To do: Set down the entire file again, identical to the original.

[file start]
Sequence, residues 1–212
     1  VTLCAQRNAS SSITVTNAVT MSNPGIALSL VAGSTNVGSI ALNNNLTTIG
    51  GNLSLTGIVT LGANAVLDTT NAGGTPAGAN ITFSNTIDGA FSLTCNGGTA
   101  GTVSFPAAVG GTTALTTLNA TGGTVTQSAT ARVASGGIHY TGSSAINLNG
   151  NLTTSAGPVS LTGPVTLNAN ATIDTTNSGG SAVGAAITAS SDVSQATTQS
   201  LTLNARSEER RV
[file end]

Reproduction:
Sequence, residues 1–212
     1  VTLCAQRNAS SSITVTNAVT MSNPGIALSL VAGSTNVGSI ALNNNLTTIG
    51  GNLSLTGIVT LGANAVLDTT NAGGTPAGAN ITFSNTIDGA FSLTCNGGTA
   101  GTVSFPAAVG GTTALTTLNA TGGTVTQSAT ARVASGGIHY TGSSAINLNG
   151  NLTTSAGPVS LTGPVTLNAN ATIDTTNSGG SAVGAAITAS SDVSQATTQS
   201  LTLNARSEER RV